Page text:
By the way, if you should happen to be tagged as the recipient of a random act of kindness yourself, don’t forget to pay it forward.  If you don’t know what that means, go now, immediately, and download the Kevin Spacey/Helen Hunt (and Haley Joel Osment) movie of that title.

One of my favorite blogs in our WordPress world is The Gratitudenist, on which Julie Richie (wonderful writer that she is) recently waxed poetic about the importance of kindness in a post titled “How to Make the World Better.”   As she points out, it’s not about money.  It’s about making connections, about really listening and paying attention to people, about making others feel that they are not alone in the world, about being a friend.

Julie’s post led me to the commencement speech that George Saunders recently gave at the Syracuse University commencement, soon to be published as a book.  He argues that we tend to be strivers, go-getters and accumulators when we are young, and that we mellow out and become less selfish and more other-centric as we grow older.  Saunders suggests that we simply ratchet the timeline backward a bit, beginning our career of kindness earlier in life since we are just going to graduate to it eventually anyway.  As Julie points out in her blog, kindness is indeed the way to make the world a better place.

The many varieties of kindness available to us struck me hard when I was reading this week’s Torah portion, Parshah Ki Teitzei, Deuteronomy 21:10 through 25:19.  This lengthy section is packed so full of kindness, it could easily be the subject of an entire book.  I was amazed to discover that seventy-four of the Torah’s 613 commandments are contained in this one section that is read on the Sabbath this week.

When you really think about it, why shouldn’t God require us to be kind when you consider how kind He is to us every minute of every day?  Note that we aren’t asked to be kind.  Kindness is not a preference or an option.  God commands us to be kind.  The following is just a partial list of the kindnesses that God requires of us in this week’s Torah portion.  The general theme is kindness to those less fortunate than us:  The poor, the employee, even animals.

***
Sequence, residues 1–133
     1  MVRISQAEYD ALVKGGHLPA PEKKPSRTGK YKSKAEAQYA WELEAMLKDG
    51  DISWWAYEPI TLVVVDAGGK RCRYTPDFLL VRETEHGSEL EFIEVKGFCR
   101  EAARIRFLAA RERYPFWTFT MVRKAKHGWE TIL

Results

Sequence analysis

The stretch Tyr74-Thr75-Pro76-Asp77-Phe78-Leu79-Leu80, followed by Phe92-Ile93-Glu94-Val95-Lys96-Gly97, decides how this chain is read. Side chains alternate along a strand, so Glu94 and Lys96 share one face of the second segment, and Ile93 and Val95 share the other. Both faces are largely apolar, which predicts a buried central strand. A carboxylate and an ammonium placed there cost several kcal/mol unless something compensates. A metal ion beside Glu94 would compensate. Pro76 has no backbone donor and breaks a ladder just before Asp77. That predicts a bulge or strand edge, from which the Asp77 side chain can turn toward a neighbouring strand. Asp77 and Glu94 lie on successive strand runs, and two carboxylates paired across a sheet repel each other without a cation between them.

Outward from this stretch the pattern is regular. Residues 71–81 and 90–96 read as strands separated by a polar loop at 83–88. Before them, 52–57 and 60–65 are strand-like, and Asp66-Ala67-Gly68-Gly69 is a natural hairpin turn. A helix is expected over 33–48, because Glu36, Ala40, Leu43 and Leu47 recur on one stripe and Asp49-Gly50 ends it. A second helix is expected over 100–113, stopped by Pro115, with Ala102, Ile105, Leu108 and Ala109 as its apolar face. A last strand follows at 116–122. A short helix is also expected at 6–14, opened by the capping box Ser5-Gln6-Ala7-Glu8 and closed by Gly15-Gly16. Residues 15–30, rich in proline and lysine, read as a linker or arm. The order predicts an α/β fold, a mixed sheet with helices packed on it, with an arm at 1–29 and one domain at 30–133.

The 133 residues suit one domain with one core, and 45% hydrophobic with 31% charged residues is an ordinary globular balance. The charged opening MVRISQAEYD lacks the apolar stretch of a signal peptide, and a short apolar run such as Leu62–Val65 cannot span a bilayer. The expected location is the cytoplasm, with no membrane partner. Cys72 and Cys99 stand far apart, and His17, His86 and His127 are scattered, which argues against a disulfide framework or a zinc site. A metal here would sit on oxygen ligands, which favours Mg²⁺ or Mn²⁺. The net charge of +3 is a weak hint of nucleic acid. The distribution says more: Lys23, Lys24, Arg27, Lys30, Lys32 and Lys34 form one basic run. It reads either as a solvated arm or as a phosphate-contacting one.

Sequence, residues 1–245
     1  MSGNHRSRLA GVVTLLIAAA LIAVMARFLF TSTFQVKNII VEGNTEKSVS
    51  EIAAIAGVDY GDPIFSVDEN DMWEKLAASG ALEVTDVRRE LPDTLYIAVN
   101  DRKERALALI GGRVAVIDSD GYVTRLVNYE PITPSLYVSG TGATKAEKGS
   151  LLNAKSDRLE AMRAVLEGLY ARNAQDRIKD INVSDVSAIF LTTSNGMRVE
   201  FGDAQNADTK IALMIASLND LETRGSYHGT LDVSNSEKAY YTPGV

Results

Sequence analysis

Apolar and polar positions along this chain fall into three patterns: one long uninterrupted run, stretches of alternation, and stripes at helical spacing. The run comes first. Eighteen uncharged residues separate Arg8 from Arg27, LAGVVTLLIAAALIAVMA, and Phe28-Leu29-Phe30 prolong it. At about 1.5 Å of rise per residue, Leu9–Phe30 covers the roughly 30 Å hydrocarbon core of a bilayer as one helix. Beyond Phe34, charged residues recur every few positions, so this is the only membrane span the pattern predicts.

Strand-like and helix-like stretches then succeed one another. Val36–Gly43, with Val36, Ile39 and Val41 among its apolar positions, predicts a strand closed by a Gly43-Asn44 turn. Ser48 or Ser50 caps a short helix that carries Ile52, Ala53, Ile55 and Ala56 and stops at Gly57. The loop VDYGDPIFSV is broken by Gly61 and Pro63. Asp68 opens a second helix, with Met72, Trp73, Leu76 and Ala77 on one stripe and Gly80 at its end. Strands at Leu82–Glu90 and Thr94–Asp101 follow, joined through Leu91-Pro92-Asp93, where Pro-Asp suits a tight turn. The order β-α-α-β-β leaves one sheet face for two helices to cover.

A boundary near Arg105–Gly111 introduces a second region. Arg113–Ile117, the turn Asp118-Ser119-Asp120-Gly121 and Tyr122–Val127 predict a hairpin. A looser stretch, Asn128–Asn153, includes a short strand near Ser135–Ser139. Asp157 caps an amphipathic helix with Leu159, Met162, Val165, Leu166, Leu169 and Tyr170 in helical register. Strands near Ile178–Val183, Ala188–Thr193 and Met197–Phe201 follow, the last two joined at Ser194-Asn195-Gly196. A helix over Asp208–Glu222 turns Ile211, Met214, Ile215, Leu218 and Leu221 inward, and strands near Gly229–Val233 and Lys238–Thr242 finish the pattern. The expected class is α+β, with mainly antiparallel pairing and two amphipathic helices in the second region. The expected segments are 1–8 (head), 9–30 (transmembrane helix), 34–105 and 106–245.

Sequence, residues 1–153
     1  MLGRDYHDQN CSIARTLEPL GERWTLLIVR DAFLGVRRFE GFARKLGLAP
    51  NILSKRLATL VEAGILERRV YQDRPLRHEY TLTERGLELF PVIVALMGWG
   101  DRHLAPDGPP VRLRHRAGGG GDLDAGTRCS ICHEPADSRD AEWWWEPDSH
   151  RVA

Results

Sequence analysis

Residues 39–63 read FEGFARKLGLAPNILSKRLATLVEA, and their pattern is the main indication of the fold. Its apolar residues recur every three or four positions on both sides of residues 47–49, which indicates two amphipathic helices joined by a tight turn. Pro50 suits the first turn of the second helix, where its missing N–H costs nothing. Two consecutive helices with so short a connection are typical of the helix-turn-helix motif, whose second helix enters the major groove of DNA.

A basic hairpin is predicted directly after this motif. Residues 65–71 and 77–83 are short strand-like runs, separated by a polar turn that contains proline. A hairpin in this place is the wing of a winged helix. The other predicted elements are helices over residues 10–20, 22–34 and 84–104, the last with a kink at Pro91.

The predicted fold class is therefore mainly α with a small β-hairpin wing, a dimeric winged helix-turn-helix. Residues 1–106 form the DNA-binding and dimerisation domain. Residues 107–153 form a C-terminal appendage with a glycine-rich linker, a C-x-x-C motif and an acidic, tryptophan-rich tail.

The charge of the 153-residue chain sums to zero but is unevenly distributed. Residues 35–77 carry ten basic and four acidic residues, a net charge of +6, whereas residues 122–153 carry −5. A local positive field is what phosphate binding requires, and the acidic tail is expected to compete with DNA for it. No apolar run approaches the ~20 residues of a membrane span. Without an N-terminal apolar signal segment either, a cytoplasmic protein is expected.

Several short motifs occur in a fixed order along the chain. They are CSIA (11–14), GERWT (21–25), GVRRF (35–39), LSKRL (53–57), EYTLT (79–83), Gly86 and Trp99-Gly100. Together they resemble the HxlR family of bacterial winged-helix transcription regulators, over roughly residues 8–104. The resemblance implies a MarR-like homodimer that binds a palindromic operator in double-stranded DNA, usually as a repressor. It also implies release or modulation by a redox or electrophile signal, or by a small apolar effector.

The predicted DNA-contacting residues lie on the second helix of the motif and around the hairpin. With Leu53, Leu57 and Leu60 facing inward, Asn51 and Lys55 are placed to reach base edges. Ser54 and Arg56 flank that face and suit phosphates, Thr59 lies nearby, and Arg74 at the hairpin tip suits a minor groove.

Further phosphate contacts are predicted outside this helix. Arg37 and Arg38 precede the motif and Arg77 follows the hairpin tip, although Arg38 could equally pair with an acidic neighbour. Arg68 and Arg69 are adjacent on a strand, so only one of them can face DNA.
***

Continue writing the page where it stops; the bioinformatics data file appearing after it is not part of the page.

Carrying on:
While some of these “kindness rules” may not seem to be particularly applicable to our busy, modern lives (who keeps slaves or takes prisoners of war anymore?), peeling away the layers of meaning reveals a kernel of pure kindness that is both universal and timeless.

  • Kindness to prisoners of war.  For millennia, savage tribes would treat women as spoils of war, summarily committing rape and other violent atrocities against them.  God recognizes the frailty of human nature and says:  Don’t act like this!  Instead, be kind.  If you really must take a captured woman for your wife, at least give her the decency of 30 days to grieve over the family she has lost, provide her with new clothes, and take her in as a full member of your family, entitled to all the benefits thereof.
  • Kindness to the slave.  If you come across a slave who has run away from his master, do not return him to the cruelty from which he has escaped.  “He shall dwell with thee, in the midst of thee, in the place which he shall choose in one of thy gates, where it liketh him best; thou shalt not wrong him.”  Deut. 23:17  If you really must have a slave, be kind!  Provide him or her with all the benefits and comforts that you yourself enjoy.